July 23/13 10:39 am - Globe Issues Correction to Wheels of Bloor Team
Posted by Editoress on 07/23/13
In the Focus section of last Saturday's Globe and Mail newspaper, writer Richard Poplak wrote an essay on doping in the amateur Masters road racing peloton, with special emphasis on Ontario (where he races). In that article, he named Greg Cavanagh as a Masters rider who had been caught doping (for testosterone) in 2012 and, incorrectly, identified him as a member of the 'dominant Wheels of Bloor' team. In fact, Cavanagh raced for Team SUL (Shut Up Legs). The corrected article can be seen HERE .
Besides being a factual error, the article unfairly linked Wheels of Bloor with Masters doping; which is somewhat ironic, since the team had been tested by CCES (Canadian Centre for Ethics in Sport), with no adverse findings. To its credit, the Globe has printed a correction, however, it is on Page 2, whereas the original article was on Page 1 of the Focus section. So, we feel it is important to publicize this error, to help Wheels of Bloor retain its good name.
Below, in its entirety, is the letter that Wheels of Bloor riders Bruce Bird and Ian J. Scott sent to the Globe Editor, John Stackhouse, on the error:
Dear Mr. Stackhouse,
We are writing to you concerning the article titled 'Why do some amateur cyclists resort to doping', which was published in this Saturday's issue of the Globe and Mail. Author Richard Poplak states that the problem has reared its head closer to home, giving as an example Oakville cyclist Greg Cavanagh's failing of an in-competition drug test in June 2012. Poplak incorrectly states that Cavanagh is a member of the 'dominant Wheels of Bloor' team. This statement is a factual error. Cavanagh is not a member of Wheels of Bloor as he cannot be on any team due to his sanction. When Greg was tested and sanctioned for illegal use of testosterone Mr. Cavanagh was a member of the SUL team (Shut Up Legs). The factual error aside, we are concerned about the obvious implication of the use the adjective 'dominant' which may be interpreted that the team's results were tainted in the same way as Cavanagh's.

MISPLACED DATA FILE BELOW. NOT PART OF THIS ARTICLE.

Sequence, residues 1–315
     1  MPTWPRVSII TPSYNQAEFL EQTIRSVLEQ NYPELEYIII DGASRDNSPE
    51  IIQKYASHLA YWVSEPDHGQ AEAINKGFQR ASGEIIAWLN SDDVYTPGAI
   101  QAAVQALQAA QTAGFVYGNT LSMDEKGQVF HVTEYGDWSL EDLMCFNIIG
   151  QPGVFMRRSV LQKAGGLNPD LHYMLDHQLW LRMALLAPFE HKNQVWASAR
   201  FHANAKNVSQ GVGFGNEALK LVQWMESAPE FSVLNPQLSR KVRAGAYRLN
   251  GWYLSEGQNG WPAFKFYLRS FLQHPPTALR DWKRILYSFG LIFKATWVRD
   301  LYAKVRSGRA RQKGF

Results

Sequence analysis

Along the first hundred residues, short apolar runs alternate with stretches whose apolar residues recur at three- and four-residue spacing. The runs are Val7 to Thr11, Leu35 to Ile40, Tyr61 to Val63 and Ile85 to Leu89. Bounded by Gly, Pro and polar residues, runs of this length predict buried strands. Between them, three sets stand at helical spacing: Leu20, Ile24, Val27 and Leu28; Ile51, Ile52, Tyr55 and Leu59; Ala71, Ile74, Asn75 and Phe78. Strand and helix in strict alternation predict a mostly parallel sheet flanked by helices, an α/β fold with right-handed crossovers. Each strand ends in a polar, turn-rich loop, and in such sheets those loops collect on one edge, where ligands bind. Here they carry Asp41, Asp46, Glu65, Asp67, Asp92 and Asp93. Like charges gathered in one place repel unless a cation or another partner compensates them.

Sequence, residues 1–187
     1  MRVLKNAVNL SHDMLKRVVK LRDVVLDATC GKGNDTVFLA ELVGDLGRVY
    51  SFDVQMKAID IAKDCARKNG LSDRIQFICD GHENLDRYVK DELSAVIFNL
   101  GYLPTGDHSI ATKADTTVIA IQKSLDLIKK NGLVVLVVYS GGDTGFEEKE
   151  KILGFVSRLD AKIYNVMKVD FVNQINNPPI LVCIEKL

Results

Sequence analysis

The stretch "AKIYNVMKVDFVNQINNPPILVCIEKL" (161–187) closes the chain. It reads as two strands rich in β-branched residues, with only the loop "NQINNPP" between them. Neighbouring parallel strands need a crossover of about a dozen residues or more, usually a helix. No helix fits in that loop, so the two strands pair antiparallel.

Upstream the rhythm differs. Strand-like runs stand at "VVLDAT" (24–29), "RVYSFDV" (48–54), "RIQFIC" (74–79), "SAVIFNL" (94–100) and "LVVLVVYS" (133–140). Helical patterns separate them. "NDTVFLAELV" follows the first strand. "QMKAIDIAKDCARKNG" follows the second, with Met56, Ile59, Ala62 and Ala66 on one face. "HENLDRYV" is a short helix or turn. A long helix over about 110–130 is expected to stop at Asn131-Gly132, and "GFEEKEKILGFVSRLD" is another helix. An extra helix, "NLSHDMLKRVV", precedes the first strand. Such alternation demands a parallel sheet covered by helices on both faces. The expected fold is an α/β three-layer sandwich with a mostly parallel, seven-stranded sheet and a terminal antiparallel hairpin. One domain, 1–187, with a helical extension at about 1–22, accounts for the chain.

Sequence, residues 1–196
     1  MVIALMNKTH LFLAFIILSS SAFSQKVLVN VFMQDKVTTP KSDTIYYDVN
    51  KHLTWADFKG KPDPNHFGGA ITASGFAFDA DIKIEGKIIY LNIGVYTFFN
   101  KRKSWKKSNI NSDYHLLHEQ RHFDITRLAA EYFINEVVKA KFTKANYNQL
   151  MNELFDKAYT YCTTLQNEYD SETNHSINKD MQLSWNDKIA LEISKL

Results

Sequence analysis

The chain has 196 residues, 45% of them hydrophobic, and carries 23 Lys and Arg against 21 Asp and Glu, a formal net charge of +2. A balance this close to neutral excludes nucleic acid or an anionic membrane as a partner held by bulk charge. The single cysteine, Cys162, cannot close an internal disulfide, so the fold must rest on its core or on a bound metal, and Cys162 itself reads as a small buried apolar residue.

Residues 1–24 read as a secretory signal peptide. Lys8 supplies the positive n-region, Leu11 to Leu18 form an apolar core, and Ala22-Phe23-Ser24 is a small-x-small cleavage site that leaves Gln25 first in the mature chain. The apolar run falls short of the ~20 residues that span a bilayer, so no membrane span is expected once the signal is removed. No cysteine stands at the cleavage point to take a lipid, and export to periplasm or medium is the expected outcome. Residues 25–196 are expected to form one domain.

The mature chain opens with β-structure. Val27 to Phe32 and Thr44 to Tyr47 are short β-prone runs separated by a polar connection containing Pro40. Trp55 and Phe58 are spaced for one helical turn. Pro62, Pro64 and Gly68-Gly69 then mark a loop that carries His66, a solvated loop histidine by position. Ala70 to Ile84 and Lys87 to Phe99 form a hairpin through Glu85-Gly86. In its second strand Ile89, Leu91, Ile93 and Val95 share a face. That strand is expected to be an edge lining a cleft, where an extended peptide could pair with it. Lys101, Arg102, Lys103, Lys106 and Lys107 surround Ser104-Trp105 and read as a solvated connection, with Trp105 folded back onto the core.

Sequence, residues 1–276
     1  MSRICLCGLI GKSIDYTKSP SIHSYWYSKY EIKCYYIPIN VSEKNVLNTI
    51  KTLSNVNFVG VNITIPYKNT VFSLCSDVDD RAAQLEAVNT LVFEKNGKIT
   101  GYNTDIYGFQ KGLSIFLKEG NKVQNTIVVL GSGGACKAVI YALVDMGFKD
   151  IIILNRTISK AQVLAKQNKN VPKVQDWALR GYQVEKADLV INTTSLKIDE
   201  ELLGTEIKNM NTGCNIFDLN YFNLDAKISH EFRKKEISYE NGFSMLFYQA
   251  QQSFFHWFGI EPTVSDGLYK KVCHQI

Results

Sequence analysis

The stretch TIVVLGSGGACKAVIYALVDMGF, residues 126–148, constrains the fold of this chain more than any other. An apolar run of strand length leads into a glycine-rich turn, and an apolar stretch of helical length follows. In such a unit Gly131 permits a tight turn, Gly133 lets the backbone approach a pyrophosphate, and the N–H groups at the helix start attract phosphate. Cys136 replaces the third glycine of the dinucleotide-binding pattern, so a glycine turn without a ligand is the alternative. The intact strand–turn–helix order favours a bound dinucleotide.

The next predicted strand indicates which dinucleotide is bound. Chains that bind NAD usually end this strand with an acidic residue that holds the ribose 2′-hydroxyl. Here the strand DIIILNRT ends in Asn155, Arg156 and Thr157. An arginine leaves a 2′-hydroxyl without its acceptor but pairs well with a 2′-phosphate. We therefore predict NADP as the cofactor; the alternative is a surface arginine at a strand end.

At the same event where Cavanagh was caught, two riders from our team were also tested. In the prior week, several members of the team had also been tested out of competition. Had Poplak had done the research; he could have discovered this on our website at www.wheelsofbloorracing.com . To our knowledge, targeted and out-of-competition testing is unprecedented in Ontario at Masters level (riders over 35 years of age). Unlike professionals, Masters racers never had any expectation of being tested, and as such the testing would be exceptionally effective at catching cheaters. The fact that no Wheels of Bloor team member, or in fact, any other Ontario Masters rider, has tested positive should be heralded as a an encouraging sign given the team's so-called dominance.
As an organization, we have worked hard to promote clean cycling, and all of our members are required adhere to our strict policy of not using performance-enhancing drugs. We have historically donated prize money towards a bursary to help young local riders. Individuals of Wheels of Bloor have volunteered without compensation to organize races to add challenging and exciting events to the local racing calendar. Wheels of Bloor is not just a cycling team, it is also a great bike shop where many people earn their livelihood. In a few erroneous words in a nationally published article, Mr Poplak has damaged the reputation of our team, a well-respected and independently-owned business and, more importantly, imperiled the livelihoods of people employed by the store. In addition, current and potential sponsors will think twice before associating themselves with cycling in general, and Wheels of Bloor in particular.
In his stated goal of uncovering why some amateur cyclists resort to doping, perhaps Poplak could have asked those who did. Greg Cavanagh is not in hiding, and he could have called any of the other riders outside of Ontario who have tested positive in the recent past. Instead of writing a unsubstantiated, alarmist editorial and adding to the damaged reputation of the sport of cycling Mr. Poplak would serve the sport he enjoys more by highlighting the positive motivations for participation in amateur racing.
The Wheels of Bloor team objects to the inaccurate statement made in this article and will seek a legal opinion as to whether this constitutes slander [sic]. We request Globe and Mail and Mr. Polak to print a correction notice in a prominent location in the paper without delay.
Ian J. Scott
Wheels of Bloor Racing Team